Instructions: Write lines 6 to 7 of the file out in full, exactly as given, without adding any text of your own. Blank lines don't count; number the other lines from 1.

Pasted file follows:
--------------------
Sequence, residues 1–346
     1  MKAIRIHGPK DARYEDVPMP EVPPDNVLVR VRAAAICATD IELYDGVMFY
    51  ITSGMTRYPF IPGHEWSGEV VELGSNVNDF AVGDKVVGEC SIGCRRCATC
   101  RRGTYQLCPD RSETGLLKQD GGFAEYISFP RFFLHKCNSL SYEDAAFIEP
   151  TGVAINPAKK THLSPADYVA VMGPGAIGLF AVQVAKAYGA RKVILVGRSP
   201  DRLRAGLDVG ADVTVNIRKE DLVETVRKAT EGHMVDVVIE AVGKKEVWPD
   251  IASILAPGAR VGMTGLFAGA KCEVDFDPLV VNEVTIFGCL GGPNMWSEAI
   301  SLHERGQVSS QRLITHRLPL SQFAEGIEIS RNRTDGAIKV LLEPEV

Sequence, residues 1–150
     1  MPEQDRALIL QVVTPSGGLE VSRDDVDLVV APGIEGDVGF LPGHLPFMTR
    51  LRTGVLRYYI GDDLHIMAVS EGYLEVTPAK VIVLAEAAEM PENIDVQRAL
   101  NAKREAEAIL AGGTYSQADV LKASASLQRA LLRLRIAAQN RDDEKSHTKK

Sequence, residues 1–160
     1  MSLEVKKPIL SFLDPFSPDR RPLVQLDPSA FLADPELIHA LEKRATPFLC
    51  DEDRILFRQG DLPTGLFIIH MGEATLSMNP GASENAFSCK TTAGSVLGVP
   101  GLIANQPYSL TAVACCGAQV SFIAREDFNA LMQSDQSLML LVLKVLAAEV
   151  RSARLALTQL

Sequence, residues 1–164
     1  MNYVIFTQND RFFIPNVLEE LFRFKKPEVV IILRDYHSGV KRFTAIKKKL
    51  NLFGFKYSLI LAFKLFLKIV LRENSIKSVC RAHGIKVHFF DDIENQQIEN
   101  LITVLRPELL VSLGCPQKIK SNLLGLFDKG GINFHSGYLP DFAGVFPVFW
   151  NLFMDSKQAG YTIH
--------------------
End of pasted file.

   201  DRLRAGLDVG ADVTVNIRKE DLVETVRKAT EGHMVDVVIE AVGKKEVWPD
   251  IASILAPGAR VGMTGLFAGA KCEVDFDPLV VNEVTIFGCL GGPNMWSEAI